University of Tasmania

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The simplification of complex notation presented in aleatoric forms

posted on 2023-05-27, 08:21 authored by Scott McIntyreScott McIntyre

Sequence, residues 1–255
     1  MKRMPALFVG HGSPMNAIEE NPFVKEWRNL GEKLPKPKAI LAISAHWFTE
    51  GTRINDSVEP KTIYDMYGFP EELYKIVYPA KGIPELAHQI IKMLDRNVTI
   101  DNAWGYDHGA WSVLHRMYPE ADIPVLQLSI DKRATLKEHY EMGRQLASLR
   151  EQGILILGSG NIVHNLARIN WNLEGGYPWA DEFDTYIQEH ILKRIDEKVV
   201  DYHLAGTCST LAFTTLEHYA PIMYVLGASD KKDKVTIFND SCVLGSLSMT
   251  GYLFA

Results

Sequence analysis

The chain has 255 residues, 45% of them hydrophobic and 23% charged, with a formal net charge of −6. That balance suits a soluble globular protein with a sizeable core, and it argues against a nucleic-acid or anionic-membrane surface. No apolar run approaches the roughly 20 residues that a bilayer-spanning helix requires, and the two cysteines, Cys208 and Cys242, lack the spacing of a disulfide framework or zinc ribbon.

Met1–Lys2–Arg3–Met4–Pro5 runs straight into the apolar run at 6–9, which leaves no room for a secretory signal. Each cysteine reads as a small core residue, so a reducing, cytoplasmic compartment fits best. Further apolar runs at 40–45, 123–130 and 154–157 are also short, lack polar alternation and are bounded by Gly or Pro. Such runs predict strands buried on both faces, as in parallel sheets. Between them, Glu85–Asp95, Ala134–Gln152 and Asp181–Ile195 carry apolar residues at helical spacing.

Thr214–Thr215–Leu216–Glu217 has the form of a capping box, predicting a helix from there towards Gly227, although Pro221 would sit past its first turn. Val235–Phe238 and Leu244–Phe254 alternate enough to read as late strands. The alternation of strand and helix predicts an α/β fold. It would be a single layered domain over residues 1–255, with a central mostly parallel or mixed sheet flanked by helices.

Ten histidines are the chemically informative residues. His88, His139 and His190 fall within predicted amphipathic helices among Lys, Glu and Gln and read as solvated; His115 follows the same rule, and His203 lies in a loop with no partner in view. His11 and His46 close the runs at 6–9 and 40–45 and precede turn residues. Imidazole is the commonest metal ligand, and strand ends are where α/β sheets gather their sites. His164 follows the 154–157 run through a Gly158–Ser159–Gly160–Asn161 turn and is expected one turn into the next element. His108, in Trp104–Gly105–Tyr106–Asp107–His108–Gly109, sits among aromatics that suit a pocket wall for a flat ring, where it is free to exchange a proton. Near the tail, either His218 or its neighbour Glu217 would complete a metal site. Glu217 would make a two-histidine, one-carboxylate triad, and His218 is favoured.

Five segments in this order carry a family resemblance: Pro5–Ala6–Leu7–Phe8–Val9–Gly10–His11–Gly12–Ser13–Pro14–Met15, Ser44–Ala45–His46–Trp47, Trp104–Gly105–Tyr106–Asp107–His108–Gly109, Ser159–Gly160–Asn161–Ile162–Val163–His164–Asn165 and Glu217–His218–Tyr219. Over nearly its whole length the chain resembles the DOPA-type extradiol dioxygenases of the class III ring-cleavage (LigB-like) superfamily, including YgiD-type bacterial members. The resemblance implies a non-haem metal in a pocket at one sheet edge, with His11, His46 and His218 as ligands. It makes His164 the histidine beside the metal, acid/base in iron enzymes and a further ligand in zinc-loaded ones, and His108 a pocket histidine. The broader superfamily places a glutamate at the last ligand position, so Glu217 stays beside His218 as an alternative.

The simplification of complex notation presented in aleatoric forms This project seeks to find solutions to questions of complex musical notation and whether they can be simplified by using techniques of limited-aleatory. A folio of compositions has been written, constituting eighty percent of this project. These compositions demonstrate that by using limited-aleatoric notation developed by Witold Lutoslawski (1913-1994), that I can achieve a complex outcome than if I had used a more complicated rhythmic language. The exegesis constitutes twenty percent of the thesis with the remaining technique. As the musical language of composition grew more complex during the 20th century there also developed the need for ever more complex notational systems. The performers' often-improvisatory input was abandoned in favour of a strict control from the composer in a hyper-detailed notation. As notation of melody, harmony and rhythm became more complex, the performance outcome often sounded as a 'notated improvisation' wherein all sense of metre and melody seemed to be lost. This led inevitably to aleatoric practices in the 1960s of notating more simple ideas but arranging them to create more complex outcomes. In my own composition the need for hyper-notated scores has given way to simpler forms where an element of chance has been introduced at the point of performance of the score. The compositions I write do not strictly fall into total forms of chance or indeterminacy as I still exercise a level of control in the organisation of structure, pitch and time. By allowing a degree of aleatory or randomness into the score there is a room for a simpler notation working to achieve a blurring of melody, harmony and rhythm that occurred in many of my earlier complex scores. In this exegesis I will show how examples of extreme notational complexity and simpler notation through aleatoric techniques (although at times graphically experimental) achieve the same ends in compositional and sonic complexity to the performer and listener.


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